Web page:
Poor John Kerry can't catch a break, can he? Today's USA Today/CNN/Gallup poll shows him trailing the President among likely voters by 13 points. Other polls show the race much closer -- the Pew Research Center, the Harris Poll, and Investors Business Daily all show a dead heat as of this week, and Rassmussen's daily tracking poll has steadily shown a much smaller lead for the President -- so there's a very good chance that either this is a statistical fluke or Gallup has made some methodological error (it's impossible to tell as of this writing, as only the top-line results have been released). But it's not an isolated incident of bad news.
Because their margins of error are typically high, state-level polls are at this point good mostly for showing which states are safe and which states are in play. States like Illinois or New Jersey should be perfectly safe for Kerry, but SurveyUSA polls this week show the race within the margin of error in both, with Bush ahead in the latter. That doesn't mean that Bush will win either of them, but it does suggest trouble for Kerry in the real battlegrounds bordering those states -- Pennsylvania, Wisconsin, Iowa -- with cultural regions and media markets in common.
What's worse, Kerry seems to have no built-in constituency of his own apart from the anybody-but-Bush crowd. With his poll numbers ranging from the low to high 40s, his personal approval rating has dropped as low as 36, according to Gallup.
Obviously, Kerry isn't a particularly appealing figure, but his problems run deeper than that. One of the hallmarks of a skilled politician is an ability to appeal to both his partisan base and to voters in the ideological middle, which is why "New Democrats" and "Compassionate Conservatives" have done so well. Kerry has never mastered this skill, desperately though he may try. The Democratic base wants a departure from anything resembling George W. Bush's foreign policy, so last week Kerry called Iraq "the wrong war in the wrong place at the wrong time" and promised to pull out of Iraq in his first term. But swing voters want the challenger to meet a threshold of responsible leadership, so the very next he said that the 1,000 soldiers lost in Iraq have died "on behalf of freedom in the war on terror," and that we "owe it to their memory" to "do what's right in Iraq." This not only pleases nobody, it reinforces one of Kerry's chief liabilities, the perception that he's a flip-flopper. (His praise at a campaign stop for a restaurant with only one choice, rather than a menu, as being great "for confused people like me who can't make up our minds" didn't help on that front, either.)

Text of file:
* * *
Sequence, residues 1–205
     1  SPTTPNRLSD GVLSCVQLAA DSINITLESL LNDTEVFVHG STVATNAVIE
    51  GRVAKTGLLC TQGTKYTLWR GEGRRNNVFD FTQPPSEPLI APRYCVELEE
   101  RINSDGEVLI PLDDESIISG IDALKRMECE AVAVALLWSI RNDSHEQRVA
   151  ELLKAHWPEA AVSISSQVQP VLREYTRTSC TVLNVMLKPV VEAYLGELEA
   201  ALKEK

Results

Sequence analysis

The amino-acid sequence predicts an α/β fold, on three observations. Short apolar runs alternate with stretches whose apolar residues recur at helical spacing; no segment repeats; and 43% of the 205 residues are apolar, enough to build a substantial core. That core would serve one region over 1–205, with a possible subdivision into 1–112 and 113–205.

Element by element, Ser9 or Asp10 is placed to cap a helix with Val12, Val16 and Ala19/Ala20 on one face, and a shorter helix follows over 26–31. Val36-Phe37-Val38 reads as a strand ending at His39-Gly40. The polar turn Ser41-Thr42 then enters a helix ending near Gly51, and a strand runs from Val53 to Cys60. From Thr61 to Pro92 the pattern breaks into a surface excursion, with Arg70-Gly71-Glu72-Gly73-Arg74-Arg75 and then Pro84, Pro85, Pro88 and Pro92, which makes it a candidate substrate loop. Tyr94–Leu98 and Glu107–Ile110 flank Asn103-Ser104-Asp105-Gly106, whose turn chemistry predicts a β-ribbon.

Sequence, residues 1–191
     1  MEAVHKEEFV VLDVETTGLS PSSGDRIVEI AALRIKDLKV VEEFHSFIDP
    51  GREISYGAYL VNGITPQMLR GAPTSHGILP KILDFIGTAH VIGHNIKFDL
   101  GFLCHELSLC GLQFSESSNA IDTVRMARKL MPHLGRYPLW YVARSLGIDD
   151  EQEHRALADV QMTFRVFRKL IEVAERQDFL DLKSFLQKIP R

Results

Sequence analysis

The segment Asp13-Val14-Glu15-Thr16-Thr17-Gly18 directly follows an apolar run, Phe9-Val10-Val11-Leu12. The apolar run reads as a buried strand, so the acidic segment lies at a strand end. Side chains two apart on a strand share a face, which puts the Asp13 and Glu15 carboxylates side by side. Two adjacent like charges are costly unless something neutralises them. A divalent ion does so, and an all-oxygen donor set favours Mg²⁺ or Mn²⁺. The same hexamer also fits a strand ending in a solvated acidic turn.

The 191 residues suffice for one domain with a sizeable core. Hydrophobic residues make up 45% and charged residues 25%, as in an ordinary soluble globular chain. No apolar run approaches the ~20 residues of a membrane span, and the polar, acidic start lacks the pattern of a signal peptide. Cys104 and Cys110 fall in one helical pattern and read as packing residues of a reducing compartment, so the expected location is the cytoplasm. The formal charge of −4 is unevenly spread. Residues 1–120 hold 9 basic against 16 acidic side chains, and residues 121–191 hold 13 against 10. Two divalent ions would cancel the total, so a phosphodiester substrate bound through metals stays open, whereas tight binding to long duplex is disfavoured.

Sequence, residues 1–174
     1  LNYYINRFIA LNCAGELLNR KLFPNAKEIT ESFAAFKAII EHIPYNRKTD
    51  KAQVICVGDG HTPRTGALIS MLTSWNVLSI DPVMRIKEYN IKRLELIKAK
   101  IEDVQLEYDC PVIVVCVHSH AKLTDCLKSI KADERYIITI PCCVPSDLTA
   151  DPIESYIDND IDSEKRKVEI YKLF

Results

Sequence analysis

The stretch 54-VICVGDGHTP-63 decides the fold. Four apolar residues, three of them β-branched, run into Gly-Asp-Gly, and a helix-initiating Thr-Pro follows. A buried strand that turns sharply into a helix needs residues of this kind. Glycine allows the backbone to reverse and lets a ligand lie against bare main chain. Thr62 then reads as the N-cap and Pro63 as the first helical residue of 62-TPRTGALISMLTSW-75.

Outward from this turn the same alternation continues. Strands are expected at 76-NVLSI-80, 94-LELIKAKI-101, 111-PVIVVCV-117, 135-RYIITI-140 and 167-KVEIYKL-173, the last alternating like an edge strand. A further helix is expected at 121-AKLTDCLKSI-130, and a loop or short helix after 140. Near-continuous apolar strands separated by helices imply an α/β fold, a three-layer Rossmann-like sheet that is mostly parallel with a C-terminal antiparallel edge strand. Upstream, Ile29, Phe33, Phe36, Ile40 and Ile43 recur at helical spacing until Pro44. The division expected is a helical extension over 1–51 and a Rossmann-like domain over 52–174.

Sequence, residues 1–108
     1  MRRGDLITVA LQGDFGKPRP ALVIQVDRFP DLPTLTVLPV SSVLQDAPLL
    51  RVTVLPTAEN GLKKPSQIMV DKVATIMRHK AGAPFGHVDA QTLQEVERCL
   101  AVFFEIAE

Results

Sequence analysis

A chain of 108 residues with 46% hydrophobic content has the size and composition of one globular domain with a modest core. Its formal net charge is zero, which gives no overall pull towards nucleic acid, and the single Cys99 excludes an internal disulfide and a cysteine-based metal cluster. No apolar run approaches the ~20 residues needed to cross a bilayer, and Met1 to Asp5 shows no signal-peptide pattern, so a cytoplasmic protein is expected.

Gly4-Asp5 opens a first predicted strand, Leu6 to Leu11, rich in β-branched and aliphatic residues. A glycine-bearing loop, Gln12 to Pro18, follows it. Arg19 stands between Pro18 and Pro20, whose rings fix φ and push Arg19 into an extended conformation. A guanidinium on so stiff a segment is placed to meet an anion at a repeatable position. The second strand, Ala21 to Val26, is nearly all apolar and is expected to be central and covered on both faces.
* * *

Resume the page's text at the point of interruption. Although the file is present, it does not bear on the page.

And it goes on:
Among the most important events left in the campaign are the upcoming debates, and Kerry's never shown himself to be a great debater. There's plenty of time left for the dynamics of the race to change, and events outside the candidates' control may very well change them. But it's hard to see at this point what Kerry is capable of doing to change them himself.
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